Onshape is one of a few CAD applications that provide security and audit control capabilities. All project data and files are stored securely in the Onshape cloud. Additionally, the platform uses AES-256 encryption, plus two-factor authentication for extra security.

With these types of security measures in place, your data and designs are protected against unauthorized access. Onshape also provides a feature that allows users to review and reverse changes and modifications to designs as needed.

Collaboration

With Onshape’s collaboration tools, teams can work with one another by communicating in real-time and designating tasks as needed. Users can review their work together while also sharing project information with suppliers, customers, business associates, and other team members.

Additional features in the collaboration tool include live chat and review and editing models.

Data Management

An important aspect of any product development methodology is the way data is managed. Doing this properly aids in diminishing the effort and time required for the product development process.

Onshape makes the data management portion of its solution comprehensive, which means it’s built into its platform and won’t require additional software. With this feature, users can handle advanced workflows, merging and branching, version control, and release management.

Integration and Partners

There are plenty of features to like about Onshape; however, it does have some drawbacks when it comes to creating models. Users can make up for these limitations using the integration and partner features available with the software.

With these features, users can increase functionality through the Onshape CAD, along with other add-ons available through the Onshape app store. One nice feature with this feature is that none of the apps requires downloading, installation, or maintenance on the part of the user.

Fusion 360 Features

Features included with Fusion 360 include Electronics, Visualization and Documentation, 3D Design and Modeling, Data Management, Manufacturing, Simulation, and Collaboration.

Electronics

Fusion 360’s electronics package is so thorough and robust that it requires its own category. Included with the electronics package includes PCB layout, PCB components, and schematic capture. Fusion 360 caters to everything a user may need f3or electronics, including combining ECAD and MCAD.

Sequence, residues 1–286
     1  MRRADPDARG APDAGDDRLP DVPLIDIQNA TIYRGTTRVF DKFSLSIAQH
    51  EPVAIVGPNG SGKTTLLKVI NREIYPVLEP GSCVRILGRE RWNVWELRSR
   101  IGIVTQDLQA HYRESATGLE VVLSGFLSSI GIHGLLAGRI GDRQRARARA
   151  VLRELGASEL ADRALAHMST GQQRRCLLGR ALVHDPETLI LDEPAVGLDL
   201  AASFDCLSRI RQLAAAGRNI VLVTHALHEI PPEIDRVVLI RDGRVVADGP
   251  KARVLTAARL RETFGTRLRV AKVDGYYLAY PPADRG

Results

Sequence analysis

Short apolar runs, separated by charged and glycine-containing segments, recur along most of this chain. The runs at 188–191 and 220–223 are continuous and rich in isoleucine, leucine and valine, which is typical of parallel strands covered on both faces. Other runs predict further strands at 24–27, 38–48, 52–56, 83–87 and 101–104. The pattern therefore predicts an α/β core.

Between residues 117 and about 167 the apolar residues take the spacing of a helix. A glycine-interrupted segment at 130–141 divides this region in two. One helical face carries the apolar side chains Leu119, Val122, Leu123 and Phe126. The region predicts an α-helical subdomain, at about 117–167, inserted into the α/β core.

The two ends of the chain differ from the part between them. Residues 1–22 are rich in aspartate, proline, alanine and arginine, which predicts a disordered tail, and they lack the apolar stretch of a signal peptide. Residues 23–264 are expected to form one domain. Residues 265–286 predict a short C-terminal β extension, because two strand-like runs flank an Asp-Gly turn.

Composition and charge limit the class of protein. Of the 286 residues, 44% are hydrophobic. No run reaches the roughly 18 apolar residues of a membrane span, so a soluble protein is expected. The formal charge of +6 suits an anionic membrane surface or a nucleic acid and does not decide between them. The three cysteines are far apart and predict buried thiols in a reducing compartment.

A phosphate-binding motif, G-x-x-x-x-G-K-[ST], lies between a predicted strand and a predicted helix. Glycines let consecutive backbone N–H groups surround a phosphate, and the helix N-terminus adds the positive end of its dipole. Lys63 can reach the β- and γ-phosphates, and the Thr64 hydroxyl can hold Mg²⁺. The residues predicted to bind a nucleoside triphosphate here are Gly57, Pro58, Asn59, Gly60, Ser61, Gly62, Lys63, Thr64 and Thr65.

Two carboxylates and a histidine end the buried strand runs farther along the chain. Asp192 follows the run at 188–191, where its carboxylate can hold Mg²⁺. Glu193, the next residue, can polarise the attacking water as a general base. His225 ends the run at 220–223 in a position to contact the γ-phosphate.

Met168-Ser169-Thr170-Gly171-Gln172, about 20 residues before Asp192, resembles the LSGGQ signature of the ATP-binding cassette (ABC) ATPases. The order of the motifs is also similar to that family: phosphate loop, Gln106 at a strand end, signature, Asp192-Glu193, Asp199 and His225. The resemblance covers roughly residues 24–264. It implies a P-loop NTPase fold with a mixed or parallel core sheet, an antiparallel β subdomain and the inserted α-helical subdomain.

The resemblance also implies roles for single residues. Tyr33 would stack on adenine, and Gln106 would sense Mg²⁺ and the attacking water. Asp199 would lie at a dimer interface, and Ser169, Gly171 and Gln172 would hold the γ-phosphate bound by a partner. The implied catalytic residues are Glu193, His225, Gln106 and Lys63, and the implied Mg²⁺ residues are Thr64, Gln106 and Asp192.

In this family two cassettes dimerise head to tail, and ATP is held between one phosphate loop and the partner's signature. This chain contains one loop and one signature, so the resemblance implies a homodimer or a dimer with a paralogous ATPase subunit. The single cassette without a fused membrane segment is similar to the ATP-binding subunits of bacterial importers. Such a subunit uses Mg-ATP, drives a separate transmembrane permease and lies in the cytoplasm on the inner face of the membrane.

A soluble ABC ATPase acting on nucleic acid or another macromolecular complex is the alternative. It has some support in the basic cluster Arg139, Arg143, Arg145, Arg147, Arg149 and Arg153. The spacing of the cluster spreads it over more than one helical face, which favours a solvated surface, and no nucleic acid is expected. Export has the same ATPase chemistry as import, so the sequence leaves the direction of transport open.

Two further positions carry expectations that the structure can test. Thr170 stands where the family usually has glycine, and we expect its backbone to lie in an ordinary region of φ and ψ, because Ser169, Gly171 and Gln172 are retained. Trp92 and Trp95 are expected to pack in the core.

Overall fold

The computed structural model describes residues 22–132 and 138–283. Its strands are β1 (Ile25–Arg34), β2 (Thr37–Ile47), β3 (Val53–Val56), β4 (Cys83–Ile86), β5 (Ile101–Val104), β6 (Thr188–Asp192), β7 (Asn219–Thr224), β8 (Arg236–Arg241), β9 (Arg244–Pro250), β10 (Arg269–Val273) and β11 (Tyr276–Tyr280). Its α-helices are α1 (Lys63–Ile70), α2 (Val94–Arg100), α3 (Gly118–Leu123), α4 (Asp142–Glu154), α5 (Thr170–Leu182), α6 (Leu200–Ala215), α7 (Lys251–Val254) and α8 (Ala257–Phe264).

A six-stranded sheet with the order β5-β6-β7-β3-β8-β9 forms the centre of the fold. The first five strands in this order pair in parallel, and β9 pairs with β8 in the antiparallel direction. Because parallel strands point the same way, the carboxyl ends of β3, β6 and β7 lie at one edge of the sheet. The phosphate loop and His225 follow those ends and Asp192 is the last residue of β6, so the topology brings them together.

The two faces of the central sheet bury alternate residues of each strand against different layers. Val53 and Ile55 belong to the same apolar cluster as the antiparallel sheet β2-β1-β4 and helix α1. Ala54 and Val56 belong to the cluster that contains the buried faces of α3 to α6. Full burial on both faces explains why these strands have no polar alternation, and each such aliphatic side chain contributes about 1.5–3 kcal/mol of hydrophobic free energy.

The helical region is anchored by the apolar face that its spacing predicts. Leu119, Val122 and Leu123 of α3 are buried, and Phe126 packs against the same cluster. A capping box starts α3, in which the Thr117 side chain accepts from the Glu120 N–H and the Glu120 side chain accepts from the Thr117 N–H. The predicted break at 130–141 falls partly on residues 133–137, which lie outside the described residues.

Visualization

With Fusion 360’s visualization feature, users can share and present their realistic photo images, along with animations created within the model. Additionally, users can develop detailed 2D drawings for sharing.

3D Design and Modeling

Fusion 360 offers a 3D design and modelling feature that provides integrating parametric modelling, mesh modelling, surface modelling, direct modelling, and free form modelling, no matter how complex or intricate the design.

Users have the ability to develop standalone components, plus components that require assembling within the 3D design and modelling package. This option also allows users to import and export certain file types as needed.

Data Management

The data management features provided by Fusion 360 offer the administrative tools needed to control and manage project data. With this feature, users can control how others interact with their projects while exporting files for collaboration with others.

User data is kept in the cloud for security purposes. Additionally, users can mitigate errors while increasing efficiency within the project by keeping tabs on notifications as they occur throughout the project workflow.

Manufacturing

The manufacturing feature with Fusion 360 provides support for both machining and 3D printing. Using the 3D printing functionality, users can view slices, create toolpaths, or send their model right to the 3D printer.

If you prefer machining, Fusion 360 gives users the ability to program your machine while generating toolpaths. This includes support for milling, turning probing, water jet cutting, plasma cutting, and laser cutting.

With these features, users can confirm their design prior to manufacturing. This helps reduce the need for design changes, which in turn creates a reduction in production time.

Simulation

Fusion 360 also includes a substantial portfolio that houses its simulation features. These features allow you to view how the model would behave in a real-world environment. With the simulation feature, you can test modal frequency, nonlinear stress, static stress, and buckling.

Collaboration

With the Collaboration feature, users can create an environment that allows teams, customers, vendors, and stakeholders to work together from anywhere on the globe. Users can discuss project timelines in real-time, which allows for the centralization of all project activities.